This was when I was approached about taking over the management. I had known Rolf Linkohr since he was first elected in 1979. I had also been familiar with the activity of our Association since it was founded. At that time, I was head of division in the Directorate-General for Energy at the European Commission (see editorial of January 2005).
The prospect of taking over the management of our Association had emerged from the start of 1993 and I had indicated to Rolf Linkohr that, if necessary, “everything needed changing except its good reputation!” We had often discussed this at length, such that in June 1994 we were ready to make the first change to the Association.
And so Rolf Linkhor and I invited the energy companies we knew to take part in a discussion on the future of the Association. We met with them on 22 September 1994 to explain our plan, which was implemented immediately and from the start of January 1995, thanks to the accommodating attitude adopted by Tractebel, we opened our Brussels office at the address where it is still to be found today and began our new activity.
In 1995 we organised 15 events equivalent to those which we have been organising ever since. They included a conference on nuclear safeguards in Saint Petersburg and two factory visits. In addition, there were five internal events within the Association.
During that time, our monthly newsletter did not evolve, and my predecessor continued to prepare it.
Subsequently I devised a completely different presentation which, basically, consisted of three sections: information on energy in general, information on the institutional activity of the EU with regard to energy and information on the activity of the Association. The whole newsletter was to comprise four pages, so as to keep it within limits.
This new formula quickly proved a great success and gradually the number of copies we distributed increased, as did the number of language versions. We reached 700 copies in five languages: English, French, German, Italian and Spanish. The newsletter had become a reference.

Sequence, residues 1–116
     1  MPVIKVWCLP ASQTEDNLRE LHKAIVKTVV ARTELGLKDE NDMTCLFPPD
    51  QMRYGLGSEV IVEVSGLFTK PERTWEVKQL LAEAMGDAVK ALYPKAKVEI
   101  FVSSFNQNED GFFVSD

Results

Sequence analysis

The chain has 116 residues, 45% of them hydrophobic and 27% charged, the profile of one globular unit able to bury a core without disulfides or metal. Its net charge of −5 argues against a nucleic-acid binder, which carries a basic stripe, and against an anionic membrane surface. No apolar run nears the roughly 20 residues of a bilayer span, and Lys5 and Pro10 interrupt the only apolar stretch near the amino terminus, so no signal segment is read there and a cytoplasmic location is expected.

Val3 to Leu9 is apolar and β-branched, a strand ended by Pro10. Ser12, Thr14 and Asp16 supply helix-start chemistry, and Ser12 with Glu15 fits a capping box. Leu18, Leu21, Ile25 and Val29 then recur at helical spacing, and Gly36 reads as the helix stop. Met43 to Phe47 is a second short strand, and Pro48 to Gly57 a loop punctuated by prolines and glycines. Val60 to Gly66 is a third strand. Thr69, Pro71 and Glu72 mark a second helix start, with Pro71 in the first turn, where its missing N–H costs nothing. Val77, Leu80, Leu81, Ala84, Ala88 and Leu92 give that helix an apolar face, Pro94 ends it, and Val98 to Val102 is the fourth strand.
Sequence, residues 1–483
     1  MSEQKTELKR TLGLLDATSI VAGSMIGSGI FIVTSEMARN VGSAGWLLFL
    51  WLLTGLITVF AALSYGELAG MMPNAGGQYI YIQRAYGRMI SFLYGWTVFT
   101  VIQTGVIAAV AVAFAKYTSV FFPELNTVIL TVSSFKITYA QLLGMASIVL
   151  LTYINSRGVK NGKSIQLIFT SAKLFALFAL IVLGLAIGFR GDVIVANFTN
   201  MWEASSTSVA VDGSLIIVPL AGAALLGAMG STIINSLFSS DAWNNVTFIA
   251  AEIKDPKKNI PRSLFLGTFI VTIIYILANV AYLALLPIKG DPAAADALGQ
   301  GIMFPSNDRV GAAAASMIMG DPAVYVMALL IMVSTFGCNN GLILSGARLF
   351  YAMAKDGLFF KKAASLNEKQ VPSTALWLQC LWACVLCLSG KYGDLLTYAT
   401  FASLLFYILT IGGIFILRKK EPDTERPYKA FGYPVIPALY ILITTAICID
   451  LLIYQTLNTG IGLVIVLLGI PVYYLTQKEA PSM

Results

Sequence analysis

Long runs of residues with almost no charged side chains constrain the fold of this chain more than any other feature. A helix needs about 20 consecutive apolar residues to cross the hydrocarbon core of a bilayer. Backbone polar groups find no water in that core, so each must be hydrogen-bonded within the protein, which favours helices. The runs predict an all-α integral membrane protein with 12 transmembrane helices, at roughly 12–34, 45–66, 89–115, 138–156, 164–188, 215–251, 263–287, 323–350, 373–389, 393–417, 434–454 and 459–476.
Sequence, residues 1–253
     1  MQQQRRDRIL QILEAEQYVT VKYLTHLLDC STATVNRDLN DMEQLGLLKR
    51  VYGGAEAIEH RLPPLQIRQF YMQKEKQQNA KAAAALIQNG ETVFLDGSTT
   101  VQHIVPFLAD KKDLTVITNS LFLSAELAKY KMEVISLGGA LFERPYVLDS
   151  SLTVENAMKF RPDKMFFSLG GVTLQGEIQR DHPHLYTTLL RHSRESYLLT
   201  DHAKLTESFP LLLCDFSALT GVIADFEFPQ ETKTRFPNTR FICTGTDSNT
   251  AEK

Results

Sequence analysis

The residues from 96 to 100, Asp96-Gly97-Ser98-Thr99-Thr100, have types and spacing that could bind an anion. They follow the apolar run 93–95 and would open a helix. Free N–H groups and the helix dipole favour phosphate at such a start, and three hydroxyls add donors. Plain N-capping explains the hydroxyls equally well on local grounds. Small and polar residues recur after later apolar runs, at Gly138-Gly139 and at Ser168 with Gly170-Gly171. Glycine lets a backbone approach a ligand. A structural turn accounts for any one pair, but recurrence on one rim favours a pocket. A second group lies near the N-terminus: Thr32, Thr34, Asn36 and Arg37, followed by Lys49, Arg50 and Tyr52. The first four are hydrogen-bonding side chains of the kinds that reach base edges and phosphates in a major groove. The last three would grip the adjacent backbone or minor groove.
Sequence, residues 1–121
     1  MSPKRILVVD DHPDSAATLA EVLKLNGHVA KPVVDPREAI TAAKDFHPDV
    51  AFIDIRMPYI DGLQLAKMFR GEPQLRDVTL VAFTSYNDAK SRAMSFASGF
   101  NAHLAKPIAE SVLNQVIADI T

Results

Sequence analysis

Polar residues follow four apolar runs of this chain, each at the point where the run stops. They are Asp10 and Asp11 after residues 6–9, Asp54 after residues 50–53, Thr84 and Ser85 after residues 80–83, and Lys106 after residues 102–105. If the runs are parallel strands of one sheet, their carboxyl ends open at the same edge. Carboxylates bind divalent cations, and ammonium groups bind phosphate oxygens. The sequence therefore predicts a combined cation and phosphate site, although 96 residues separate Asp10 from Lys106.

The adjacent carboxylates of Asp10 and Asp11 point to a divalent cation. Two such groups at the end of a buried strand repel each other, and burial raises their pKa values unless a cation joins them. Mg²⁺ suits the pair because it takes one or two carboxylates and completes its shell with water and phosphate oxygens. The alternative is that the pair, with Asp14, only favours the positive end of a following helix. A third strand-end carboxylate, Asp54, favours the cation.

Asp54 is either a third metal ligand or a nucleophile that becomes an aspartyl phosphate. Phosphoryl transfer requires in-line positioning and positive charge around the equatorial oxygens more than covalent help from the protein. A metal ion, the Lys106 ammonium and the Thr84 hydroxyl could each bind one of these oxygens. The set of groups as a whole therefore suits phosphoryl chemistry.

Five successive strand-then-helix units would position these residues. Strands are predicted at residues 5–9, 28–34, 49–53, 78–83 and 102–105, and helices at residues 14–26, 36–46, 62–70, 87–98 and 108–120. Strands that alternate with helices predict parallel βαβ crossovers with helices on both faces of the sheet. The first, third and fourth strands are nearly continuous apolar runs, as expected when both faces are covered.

By the time of the European elections of 1994, a great any businesses, noting the growing political importance of the Parliament, had opened an office in Brussels, making the initial version of our newsletter less and less useful to MEPs. At the same time, as of the year 2000, the introduction of electronic mail rendered the paper version of the newsletter obsolete.
In 2001 we introduced the electronic version which, in practice, consisted of a list of the links with various sources of information. Before that, I consulted these sources, selected a number of them and summarised the content. This was certainly incomplete but, in its form edited and printed on paper, it was relatively user-friendly.
This was why, in 2002, without changing the concept of the electronic newsletter, I gave it a slightly personalised touch by adding an original editorial.
In short, the widespread development of e-mail meant that much of our newsletter no longer provided our readers with new information and, without changing its mode of presentation, we have refocused on matters that relate, primarily, to our Association.
In 15 years, the content of our communication has moved from information devoted entirely to what was happening outside the Association to information relating solely to the Association and its members.
As all our so-called “associate” members are invited to take part in all our events, we maintain the basic essentials of our personality: our association is not a lobby group.